Driver's warning after fake number plate appears on her car
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As of September 1, drivers across England, Wales and Scotland will see the rollout of the new “72” number plate vehicle registration. This is the second number plate change in 2022 after the “22” plate was introduced in March earlier this year.
The new vehicle registrations will follow the standard rules including white plates on the front and yellow on the back.
This is with the exception of classic cars which were first registered before 1973.
Numbers and letters must be exactly 79 millimetres tall and there must be a space between the numbers that mark the year and the three random letters.
All registration plates must be in a specific “Charles Wright” font which has been in use since 2001.
British cars driven abroad must have nationality identifiers on their plates.
This was previously “GB”, with drivers now requiring the Union flag and as of September last year, the “UK” identifier.
Motorists are also being warned not to change or purposefully obscure their registration plate, as this could lead to a £1,000 fine.
Despite the historic popularity of “new reg day”, research suggests that it has lost its appeal with drivers.
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The data found that fewer than five percent of potential car buyers are bothered about the digits on their number plate.
Most considered a wide range of other factors much more important when deciding on their next car.
Dean Walker, Director of Stock and Purchasing at Motorpoint, said: “Many of us will remember just how big a deal the launch of a new registration plate used to be.
“Dealerships would open at midnight, with customers queuing up to take delivery of their new car so they could be among the first on the road with the new reg.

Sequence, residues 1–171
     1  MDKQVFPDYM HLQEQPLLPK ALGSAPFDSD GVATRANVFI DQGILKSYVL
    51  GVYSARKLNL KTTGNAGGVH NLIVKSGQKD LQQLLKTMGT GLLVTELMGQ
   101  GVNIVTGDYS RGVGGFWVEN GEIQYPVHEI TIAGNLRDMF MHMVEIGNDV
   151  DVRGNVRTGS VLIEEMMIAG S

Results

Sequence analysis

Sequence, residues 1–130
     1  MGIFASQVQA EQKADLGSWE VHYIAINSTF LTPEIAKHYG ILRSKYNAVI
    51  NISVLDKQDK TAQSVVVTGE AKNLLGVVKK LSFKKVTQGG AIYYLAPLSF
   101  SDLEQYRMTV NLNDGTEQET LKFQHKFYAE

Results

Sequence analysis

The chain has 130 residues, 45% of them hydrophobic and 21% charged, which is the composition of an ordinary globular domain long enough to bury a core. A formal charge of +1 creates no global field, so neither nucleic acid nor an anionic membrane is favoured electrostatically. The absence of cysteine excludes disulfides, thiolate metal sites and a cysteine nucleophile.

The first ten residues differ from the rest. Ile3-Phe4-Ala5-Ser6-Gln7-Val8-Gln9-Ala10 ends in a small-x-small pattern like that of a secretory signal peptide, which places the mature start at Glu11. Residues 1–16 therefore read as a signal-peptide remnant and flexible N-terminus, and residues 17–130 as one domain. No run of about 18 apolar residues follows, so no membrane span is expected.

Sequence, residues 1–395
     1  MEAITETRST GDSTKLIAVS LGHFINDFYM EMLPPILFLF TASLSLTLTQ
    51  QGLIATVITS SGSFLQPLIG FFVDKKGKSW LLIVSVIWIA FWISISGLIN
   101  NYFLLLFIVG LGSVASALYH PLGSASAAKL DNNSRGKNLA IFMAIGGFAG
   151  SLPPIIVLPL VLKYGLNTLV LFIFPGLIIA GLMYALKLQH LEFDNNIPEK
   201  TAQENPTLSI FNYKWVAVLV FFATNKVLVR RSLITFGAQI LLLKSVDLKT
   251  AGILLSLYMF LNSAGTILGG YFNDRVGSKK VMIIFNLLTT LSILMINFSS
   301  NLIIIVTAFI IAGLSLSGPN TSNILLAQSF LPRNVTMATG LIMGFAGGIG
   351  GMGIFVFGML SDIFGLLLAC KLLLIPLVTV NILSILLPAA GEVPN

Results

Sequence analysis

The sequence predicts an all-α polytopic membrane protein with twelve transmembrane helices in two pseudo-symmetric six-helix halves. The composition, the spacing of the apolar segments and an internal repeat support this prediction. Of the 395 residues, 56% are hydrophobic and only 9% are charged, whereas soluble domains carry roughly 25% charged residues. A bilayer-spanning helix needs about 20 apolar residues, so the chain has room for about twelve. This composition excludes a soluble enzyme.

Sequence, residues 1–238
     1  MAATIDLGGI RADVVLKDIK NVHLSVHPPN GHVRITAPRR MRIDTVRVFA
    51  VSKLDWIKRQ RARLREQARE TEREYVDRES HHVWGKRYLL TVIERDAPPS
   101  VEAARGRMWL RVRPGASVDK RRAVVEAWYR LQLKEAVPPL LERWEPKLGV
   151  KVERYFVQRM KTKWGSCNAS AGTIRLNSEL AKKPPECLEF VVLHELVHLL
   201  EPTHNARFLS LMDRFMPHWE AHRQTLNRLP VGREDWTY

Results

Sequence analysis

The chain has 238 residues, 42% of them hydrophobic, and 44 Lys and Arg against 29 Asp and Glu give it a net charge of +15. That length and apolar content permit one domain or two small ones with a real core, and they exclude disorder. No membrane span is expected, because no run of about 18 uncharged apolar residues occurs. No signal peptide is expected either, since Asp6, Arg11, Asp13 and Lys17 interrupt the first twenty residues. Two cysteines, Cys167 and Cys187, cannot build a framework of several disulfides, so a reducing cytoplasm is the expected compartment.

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“Our study confirms what we suspected though, that this is no longer a major factor in the decision-making process for car buyers.
“It would seem that many people are still unsure how the registration number system works so don’t realise ‘22’ was released in March and that ‘72’ will be launched next month.
“Those who do understand are either not bothered that their number plate identifies their car’s age or know how easy it is to pop a personalised registration on their vehicle after buying it.”
Despite the hesitancy around “new reg day”, many drivers are being urged to take some advice into account if they are looking at buying a new car.
The number plates themselves do not impact the value, but they do represent the newest cars on the market.
Bill Fennell, Chief Ombudsman and Managing Director of The Motor Ombudsman, urged drivers to carefully plan and think of the kind of car they need before purchasing.
He said: “Buying a big ticket item, such as a new car, is a significant commitment.
“It is therefore important that consumers spend time doing their research to select both the right car and retailer, spend within their means, and plan ahead.”
He added that this should be done in terms of longer-term affordability, and when they will need a new car due to the extended lead times.
Drivers are also being urged to keep in mind the associated costs that come along with buying a new car.
Any monthly finance payments, annual servicing, fuel or electric charging tariffs should all be taken into account.
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